The Linguistics MA aims to give students a thorough grounding in modern theoretical linguistics. Students gain a basic understanding of the three core areas of linguistics: phonetics and phonology; syntax; and semantics and pragmatics, and are then able to tailor the programme to meet their personal linguistic interests.
Modes and duration
Tuition fees (2020/21)
Note on fees: The tuition fees shown are for the year indicated above. Fees for subsequent years may increase or otherwise vary. Further information on fee status, fee increases and the fee schedule can be viewed on the UCL Students website.
Normally a minimum of an upper second-class Bachelor's degree from a UK university or an overseas qualification of an equivalent standard is required.
English language requirements
If your education has not been conducted in the English language, you will be expected to demonstrate evidence of an adequate level of English proficiency.
The English language level for this programme is: Good
Further information can be found on our English language requirements page.
Country-specific information, including details of when UCL representatives are visiting your part of the world, can be obtained from the International Students website.
International applicants can find out the equivalent qualification for their country by selecting from the list below.
Select your country:
About this degree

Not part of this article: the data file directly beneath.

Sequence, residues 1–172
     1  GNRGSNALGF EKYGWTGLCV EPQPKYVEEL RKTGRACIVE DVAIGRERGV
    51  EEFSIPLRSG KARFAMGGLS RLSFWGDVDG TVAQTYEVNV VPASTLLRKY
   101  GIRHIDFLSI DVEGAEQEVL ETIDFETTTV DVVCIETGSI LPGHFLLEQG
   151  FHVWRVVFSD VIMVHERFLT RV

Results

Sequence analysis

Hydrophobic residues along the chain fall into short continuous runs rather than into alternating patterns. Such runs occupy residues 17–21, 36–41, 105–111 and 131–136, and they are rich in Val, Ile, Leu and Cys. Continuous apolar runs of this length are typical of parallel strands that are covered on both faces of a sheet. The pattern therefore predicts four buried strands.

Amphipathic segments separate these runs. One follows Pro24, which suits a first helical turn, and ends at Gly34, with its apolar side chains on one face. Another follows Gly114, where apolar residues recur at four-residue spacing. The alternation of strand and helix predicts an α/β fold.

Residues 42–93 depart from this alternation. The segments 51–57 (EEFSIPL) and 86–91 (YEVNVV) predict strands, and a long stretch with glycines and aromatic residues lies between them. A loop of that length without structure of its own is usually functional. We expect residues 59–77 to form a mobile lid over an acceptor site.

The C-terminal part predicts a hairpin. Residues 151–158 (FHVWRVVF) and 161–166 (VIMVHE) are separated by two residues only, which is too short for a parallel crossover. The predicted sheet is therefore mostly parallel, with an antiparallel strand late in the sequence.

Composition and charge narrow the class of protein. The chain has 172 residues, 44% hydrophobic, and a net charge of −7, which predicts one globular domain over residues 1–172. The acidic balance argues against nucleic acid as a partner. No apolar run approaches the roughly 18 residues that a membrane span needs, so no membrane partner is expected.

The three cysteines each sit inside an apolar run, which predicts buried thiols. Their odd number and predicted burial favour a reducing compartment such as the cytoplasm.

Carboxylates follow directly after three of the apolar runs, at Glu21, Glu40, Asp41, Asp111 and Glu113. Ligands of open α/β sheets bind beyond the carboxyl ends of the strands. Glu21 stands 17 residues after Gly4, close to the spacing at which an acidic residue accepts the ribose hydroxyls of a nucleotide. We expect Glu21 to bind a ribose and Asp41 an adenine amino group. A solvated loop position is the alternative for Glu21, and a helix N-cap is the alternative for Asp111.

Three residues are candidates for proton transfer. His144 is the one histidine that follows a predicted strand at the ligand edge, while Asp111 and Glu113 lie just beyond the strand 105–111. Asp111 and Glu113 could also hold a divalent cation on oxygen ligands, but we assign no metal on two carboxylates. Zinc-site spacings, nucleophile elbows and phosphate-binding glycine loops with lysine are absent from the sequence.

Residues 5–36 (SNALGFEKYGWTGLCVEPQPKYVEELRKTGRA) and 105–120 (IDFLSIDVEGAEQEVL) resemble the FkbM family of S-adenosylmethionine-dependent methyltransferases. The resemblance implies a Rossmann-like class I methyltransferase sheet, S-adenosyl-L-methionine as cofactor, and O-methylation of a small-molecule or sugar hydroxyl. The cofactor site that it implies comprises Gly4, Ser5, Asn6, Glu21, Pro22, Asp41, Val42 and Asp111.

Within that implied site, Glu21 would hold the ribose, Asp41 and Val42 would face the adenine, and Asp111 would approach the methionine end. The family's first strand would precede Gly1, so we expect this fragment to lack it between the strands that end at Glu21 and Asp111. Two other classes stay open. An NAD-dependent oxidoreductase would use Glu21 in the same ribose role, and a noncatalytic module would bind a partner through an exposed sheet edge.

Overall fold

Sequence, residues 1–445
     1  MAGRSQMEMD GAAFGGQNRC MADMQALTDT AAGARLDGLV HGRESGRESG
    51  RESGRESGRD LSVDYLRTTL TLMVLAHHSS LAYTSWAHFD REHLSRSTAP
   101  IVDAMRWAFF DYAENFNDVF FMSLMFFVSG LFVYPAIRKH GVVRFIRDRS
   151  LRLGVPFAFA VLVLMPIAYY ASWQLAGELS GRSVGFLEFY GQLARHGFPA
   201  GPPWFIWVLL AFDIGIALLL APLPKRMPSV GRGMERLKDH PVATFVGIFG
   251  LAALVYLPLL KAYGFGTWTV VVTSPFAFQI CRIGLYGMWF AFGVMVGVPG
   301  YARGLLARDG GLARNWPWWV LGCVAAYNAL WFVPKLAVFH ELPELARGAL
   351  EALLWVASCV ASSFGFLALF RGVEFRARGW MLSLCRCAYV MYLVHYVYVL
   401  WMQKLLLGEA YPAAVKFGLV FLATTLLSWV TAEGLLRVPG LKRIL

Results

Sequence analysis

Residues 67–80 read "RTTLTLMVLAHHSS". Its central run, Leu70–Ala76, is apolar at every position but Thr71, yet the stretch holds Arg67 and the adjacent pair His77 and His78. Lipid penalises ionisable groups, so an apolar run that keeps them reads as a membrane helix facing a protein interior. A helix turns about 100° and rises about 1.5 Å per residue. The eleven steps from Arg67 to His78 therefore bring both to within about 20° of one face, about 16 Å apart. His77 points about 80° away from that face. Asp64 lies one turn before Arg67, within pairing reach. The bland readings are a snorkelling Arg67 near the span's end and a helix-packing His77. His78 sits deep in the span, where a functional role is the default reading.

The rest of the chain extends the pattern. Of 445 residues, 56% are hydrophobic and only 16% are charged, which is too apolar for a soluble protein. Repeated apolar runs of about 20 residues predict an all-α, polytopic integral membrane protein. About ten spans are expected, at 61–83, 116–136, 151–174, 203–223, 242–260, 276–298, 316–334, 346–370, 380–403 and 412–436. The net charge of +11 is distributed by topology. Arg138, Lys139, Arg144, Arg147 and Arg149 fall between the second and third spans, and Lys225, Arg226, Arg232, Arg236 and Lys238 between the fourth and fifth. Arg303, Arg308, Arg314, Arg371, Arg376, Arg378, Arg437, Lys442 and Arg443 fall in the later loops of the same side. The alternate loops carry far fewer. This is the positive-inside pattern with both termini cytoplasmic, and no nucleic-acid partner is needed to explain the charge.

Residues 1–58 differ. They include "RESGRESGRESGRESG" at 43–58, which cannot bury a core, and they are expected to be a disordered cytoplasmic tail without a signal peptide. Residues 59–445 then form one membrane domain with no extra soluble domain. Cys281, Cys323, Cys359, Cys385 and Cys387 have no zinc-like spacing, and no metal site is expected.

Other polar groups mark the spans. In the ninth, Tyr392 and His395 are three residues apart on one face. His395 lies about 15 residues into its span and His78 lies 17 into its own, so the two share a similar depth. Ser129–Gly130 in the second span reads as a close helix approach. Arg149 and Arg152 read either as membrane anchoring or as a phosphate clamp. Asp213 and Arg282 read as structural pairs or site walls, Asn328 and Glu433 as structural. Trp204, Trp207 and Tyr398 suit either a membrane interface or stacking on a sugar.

Students gain knowledge and understanding of current research in theoretical linguistics and are prepared for independent research. On completion of the programme, they will be able to formulate appropriate research questions, find and evaluate relevant literature, develop and test new hypotheses, and produce cogent, structured and professionally presented reports.
Students undertake modules to the value of 180 credits.
The programme consists of four core modules (60 credits), two core modules chosen from a group of 3 modules (30 credits), two optional modules (30 credits) and a research dissertation (60 credits).
Upon successful completion of 180 credits, you will be awarded a MA in Linguistics.
Please note that the list of modules given here is indicative. This information is published a long time in advance of enrolment and module content and availability is subject to change.
First five modules are core, then you must choose 2 from the group of 3 modules.
- Semantics and Pragmatics I
- Phonetics and Phonology I
- Foundations of Linguistics
- choose 2:
- Semantics and Pragamatics II
- Interfaces in Syntax
- Phonetics and Phonology II
Students choose two of the following modules. Please note that not all option modules may be taught every year.